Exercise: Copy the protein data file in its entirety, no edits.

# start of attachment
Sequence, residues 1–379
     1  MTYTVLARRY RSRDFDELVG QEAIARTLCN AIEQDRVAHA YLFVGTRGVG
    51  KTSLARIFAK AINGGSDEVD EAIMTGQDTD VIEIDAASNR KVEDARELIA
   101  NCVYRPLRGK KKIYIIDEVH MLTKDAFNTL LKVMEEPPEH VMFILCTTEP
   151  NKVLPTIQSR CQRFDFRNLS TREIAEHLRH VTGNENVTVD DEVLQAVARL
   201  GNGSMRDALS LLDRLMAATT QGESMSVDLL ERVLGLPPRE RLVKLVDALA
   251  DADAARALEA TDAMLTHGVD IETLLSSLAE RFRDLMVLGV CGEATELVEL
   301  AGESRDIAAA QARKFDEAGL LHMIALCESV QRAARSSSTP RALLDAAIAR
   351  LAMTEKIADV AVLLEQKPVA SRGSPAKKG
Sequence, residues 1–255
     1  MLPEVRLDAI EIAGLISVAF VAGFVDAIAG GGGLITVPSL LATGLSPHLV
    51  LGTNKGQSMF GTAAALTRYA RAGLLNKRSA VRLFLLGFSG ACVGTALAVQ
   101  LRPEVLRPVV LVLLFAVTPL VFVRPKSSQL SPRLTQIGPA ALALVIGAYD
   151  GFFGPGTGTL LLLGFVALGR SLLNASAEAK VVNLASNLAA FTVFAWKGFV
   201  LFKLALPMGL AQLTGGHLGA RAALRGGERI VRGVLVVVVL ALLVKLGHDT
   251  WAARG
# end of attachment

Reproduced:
Sequence, residues 1–379
     1  MTYTVLARRY RSRDFDELVG QEAIARTLCN AIEQDRVAHA YLFVGTRGVG
    51  KTSLARIFAK AINGGSDEVD EAIMTGQDTD VIEIDAASNR KVEDARELIA
   101  NCVYRPLRGK KKIYIIDEVH MLTKDAFNTL LKVMEEPPEH VMFILCTTEP
   151  NKVLPTIQSR CQRFDFRNLS TREIAEHLRH VTGNENVTVD DEVLQAVARL
   201  GNGSMRDALS LLDRLMAATT QGESMSVDLL ERVLGLPPRE RLVKLVDALA
   251  DADAARALEA TDAMLTHGVD IETLLSSLAE RFRDLMVLGV CGEATELVEL
   301  AGESRDIAAA QARKFDEAGL LHMIALCESV QRAARSSSTP RALLDAAIAR
   351  LAMTEKIADV AVLLEQKPVA SRGSPAKKG
Sequence, residues 1–255
     1  MLPEVRLDAI EIAGLISVAF VAGFVDAIAG GGGLITVPSL LATGLSPHLV
    51  LGTNKGQSMF GTAAALTRYA RAGLLNKRSA VRLFLLGFSG ACVGTALAVQ
   101  LRPEVLRPVV LVLLFAVTPL VFVRPKSSQL SPRLTQIGPA ALALVIGAYD
   151  GFFGPGTGTL LLLGFVALGR SLLNASAEAK VVNLASNLAA FTVFAWKGFV
   201  LFKLALPMGL AQLTGGHLGA RAALRGGERI VRGVLVVVVL ALLVKLGHDT
   251  WAARG